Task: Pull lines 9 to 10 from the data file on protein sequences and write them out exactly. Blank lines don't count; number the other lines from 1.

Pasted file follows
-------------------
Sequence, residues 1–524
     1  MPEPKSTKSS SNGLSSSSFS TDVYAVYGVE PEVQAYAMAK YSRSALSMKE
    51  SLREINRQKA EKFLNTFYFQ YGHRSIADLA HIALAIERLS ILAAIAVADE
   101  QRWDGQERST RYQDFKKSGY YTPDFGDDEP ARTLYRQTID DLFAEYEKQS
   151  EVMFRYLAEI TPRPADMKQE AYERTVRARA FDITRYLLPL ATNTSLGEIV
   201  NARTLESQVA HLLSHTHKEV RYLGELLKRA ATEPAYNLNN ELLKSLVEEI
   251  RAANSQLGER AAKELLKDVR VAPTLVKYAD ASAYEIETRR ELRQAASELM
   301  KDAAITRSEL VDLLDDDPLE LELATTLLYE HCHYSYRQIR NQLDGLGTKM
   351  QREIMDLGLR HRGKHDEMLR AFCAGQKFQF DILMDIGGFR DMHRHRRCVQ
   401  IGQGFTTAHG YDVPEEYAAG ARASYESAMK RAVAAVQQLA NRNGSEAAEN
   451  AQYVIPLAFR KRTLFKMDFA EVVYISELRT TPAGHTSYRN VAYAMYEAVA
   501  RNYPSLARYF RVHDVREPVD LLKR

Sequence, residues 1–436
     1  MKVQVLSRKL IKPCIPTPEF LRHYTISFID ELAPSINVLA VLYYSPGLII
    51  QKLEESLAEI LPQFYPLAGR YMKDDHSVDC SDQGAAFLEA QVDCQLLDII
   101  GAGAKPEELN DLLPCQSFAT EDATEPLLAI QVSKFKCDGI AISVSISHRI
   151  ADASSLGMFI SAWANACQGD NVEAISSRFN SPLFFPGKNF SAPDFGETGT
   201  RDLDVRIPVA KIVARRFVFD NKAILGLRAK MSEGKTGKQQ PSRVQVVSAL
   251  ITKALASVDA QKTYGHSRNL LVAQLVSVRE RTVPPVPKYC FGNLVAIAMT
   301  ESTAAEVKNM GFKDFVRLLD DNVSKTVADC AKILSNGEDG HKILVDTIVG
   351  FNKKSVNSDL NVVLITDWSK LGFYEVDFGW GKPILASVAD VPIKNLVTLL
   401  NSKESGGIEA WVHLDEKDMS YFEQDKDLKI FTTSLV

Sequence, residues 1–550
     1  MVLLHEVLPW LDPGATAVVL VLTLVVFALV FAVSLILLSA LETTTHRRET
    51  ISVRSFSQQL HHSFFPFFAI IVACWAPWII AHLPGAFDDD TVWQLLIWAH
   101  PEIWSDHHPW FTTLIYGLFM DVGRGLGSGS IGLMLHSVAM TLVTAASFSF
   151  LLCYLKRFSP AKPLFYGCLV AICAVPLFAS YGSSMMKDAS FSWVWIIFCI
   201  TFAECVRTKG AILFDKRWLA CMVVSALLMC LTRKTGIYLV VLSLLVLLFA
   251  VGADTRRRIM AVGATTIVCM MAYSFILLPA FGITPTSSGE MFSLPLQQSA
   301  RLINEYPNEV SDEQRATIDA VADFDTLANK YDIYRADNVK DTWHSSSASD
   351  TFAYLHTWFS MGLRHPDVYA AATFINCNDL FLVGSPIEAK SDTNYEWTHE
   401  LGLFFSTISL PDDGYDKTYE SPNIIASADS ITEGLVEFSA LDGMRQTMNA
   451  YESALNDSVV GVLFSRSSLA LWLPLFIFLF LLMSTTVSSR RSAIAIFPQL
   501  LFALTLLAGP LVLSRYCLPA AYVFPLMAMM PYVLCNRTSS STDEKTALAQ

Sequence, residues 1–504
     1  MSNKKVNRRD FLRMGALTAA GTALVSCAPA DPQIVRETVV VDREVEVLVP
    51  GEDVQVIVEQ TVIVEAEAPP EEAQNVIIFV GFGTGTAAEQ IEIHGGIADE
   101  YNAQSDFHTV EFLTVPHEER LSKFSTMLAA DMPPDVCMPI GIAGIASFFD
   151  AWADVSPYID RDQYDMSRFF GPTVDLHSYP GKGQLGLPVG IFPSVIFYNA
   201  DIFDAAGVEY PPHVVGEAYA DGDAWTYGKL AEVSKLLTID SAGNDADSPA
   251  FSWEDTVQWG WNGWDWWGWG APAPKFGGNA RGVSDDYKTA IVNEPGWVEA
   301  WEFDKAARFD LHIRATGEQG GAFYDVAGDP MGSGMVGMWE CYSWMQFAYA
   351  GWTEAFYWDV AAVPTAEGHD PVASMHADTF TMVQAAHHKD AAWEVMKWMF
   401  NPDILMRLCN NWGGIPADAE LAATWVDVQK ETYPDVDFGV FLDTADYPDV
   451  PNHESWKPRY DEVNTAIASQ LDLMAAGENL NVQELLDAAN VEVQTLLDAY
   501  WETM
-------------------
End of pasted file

   351  QREIMDLGLR HRGKHDEMLR AFCAGQKFQF DILMDIGGFR DMHRHRRCVQ
   401  IGQGFTTAHG YDVPEEYAAG ARASYESAMK RAVAAVQQLA NRNGSEAAEN